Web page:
A basic fact often gets lost in the propaganda that swirls around voting laws in this country: between one-quarter and one-third of all eligible voters — more than 50 million Americans — are not registered. That alarming statistic is the backdrop to efforts by Republicans in recent years to pass state laws that restrict ballot access, a recent Democratic campaign to push back against those laws, and a bold set of proposals that Hillary Rodham Clinton laid out Thursday afternoon in a speech at Texas Southern University, a historically black college in Houston. In addition to pushing needed and long-overdue reforms, the speech highlighted the yawning gulf on voting rights between Mrs. Clinton and the Republican candidates for the White House, many of whom have been cynically committed to making voting harder for the most vulnerable citizens. “What part of democracy are they afraid of?” Mrs. Clinton asked.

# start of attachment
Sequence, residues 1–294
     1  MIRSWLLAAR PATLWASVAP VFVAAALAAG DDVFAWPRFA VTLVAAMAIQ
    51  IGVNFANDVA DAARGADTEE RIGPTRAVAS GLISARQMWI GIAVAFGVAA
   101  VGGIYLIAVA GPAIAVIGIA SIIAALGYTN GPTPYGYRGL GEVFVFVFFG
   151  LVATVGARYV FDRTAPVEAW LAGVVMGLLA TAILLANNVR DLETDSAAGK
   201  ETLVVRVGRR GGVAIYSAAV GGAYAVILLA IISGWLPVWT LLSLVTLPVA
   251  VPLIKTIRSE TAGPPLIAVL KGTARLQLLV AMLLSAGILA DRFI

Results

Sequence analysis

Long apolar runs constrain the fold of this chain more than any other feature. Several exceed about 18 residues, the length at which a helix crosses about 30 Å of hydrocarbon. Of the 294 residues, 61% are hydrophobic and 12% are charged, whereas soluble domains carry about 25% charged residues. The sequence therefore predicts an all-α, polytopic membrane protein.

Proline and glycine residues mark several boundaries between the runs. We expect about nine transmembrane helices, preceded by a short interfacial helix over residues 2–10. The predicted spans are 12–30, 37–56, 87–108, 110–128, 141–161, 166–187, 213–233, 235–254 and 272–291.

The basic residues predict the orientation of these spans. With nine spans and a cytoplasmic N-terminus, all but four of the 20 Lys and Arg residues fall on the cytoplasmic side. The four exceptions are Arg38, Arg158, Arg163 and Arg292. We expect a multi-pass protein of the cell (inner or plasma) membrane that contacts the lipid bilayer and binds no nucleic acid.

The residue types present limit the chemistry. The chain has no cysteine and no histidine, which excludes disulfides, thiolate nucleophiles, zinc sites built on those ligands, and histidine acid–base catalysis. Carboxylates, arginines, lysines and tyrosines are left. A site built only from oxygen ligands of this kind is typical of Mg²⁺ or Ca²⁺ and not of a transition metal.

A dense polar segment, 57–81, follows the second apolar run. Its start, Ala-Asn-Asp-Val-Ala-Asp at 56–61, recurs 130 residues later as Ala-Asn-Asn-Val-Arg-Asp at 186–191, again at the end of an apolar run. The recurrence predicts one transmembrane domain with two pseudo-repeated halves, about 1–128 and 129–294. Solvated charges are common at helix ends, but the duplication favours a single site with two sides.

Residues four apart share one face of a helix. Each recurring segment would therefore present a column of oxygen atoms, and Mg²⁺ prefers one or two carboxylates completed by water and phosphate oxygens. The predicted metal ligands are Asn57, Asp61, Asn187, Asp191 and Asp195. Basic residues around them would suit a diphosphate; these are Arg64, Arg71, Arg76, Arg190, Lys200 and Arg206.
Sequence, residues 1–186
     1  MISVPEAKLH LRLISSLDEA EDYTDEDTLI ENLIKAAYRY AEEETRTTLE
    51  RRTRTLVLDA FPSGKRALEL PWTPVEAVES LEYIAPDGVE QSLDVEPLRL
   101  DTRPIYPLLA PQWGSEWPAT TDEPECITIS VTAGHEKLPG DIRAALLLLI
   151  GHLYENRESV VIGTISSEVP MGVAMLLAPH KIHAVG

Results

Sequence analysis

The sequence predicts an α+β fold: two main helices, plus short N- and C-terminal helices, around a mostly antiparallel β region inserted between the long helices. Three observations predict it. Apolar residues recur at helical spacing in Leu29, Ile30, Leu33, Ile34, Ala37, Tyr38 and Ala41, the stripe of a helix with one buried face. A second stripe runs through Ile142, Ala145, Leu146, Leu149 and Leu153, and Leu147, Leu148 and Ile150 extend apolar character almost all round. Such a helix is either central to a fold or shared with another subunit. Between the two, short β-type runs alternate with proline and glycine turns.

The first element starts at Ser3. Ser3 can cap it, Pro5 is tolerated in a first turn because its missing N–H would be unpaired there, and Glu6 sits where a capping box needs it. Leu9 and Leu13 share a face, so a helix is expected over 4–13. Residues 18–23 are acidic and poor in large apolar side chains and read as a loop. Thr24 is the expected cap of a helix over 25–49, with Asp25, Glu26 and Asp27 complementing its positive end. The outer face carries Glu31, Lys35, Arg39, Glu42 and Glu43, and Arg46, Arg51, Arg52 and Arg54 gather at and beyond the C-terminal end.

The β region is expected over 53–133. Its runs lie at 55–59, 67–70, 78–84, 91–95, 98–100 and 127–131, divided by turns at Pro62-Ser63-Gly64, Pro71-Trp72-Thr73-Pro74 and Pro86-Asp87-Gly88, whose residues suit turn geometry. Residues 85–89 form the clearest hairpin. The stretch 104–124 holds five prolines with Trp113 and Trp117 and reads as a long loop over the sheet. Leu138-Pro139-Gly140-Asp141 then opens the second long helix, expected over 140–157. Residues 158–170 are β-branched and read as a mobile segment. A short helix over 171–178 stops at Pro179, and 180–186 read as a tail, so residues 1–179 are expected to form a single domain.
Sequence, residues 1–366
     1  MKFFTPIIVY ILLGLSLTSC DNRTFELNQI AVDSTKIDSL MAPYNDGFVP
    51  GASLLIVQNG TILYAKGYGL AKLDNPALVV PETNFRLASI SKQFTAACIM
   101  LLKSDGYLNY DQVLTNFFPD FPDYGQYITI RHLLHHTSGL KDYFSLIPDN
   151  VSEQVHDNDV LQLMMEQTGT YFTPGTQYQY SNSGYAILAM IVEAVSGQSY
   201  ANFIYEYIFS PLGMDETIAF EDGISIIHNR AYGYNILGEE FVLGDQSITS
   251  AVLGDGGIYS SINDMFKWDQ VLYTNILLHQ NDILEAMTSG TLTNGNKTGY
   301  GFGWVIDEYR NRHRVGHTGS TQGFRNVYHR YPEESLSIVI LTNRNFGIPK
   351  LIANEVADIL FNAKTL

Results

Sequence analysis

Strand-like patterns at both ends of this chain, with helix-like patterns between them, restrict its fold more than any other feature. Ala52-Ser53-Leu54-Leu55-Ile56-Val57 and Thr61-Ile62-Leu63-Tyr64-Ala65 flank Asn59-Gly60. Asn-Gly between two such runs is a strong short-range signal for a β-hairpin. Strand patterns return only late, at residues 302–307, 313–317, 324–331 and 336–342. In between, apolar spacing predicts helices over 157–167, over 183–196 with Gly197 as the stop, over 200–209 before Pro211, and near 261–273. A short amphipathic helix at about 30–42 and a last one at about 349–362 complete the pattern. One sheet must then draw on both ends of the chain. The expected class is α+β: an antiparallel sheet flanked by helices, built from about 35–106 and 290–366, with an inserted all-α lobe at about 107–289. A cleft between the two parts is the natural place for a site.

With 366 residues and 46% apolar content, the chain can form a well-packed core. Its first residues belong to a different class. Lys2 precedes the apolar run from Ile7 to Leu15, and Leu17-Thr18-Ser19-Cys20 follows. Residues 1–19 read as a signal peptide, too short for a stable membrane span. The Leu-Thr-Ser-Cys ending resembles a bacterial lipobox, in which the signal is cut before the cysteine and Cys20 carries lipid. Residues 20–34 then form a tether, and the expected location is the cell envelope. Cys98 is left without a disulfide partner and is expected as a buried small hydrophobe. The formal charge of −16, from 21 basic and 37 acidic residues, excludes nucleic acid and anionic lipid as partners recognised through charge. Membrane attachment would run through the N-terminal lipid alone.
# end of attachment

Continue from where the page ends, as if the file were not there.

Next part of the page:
Most significantly, Mrs. Clinton called for universal and automatic voter registration, which would register every American citizen at 18. This would be a transformative step toward modernizing the nation’s archaic, error-filled approach to registering voters.
No state currently has such inclusive registration, although Oregon came closest in March when it passed a law automatically registering eligible citizens with a driver’s license — instantly adding 300,000 voters to the rolls. Since then, 14 states have considered similar proposals to put the burden of registration on the government, where it belongs, and not on individuals.